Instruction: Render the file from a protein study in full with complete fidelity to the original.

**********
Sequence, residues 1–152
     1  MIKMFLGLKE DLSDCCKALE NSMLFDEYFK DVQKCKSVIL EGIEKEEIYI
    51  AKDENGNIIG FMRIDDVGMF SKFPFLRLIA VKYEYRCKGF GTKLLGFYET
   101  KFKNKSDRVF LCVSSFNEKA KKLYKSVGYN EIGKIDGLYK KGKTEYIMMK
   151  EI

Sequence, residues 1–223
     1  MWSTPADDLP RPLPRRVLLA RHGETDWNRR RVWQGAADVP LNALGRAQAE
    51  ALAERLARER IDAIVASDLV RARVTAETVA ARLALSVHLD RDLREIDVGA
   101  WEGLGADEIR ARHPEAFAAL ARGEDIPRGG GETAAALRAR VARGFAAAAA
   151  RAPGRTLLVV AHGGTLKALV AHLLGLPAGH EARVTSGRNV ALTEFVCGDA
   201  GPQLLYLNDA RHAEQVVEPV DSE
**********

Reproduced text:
Sequence, residues 1–152
     1  MIKMFLGLKE DLSDCCKALE NSMLFDEYFK DVQKCKSVIL EGIEKEEIYI
    51  AKDENGNIIG FMRIDDVGMF SKFPFLRLIA VKYEYRCKGF GTKLLGFYET
   101  KFKNKSDRVF LCVSSFNEKA KKLYKSVGYN EIGKIDGLYK KGKTEYIMMK
   151  EI

Sequence, residues 1–223
     1  MWSTPADDLP RPLPRRVLLA RHGETDWNRR RVWQGAADVP LNALGRAQAE
    51  ALAERLARER IDAIVASDLV RARVTAETVA ARLALSVHLD RDLREIDVGA
   101  WEGLGADEIR ARHPEAFAAL ARGEDIPRGG GETAAALRAR VARGFAAAAA
   151  RAPGRTLLVV AHGGTLKALV AHLLGLPAGH EARVTSGRNV ALTEFVCGDA
   201  GPQLLYLNDA RHAEQVVEPV DSE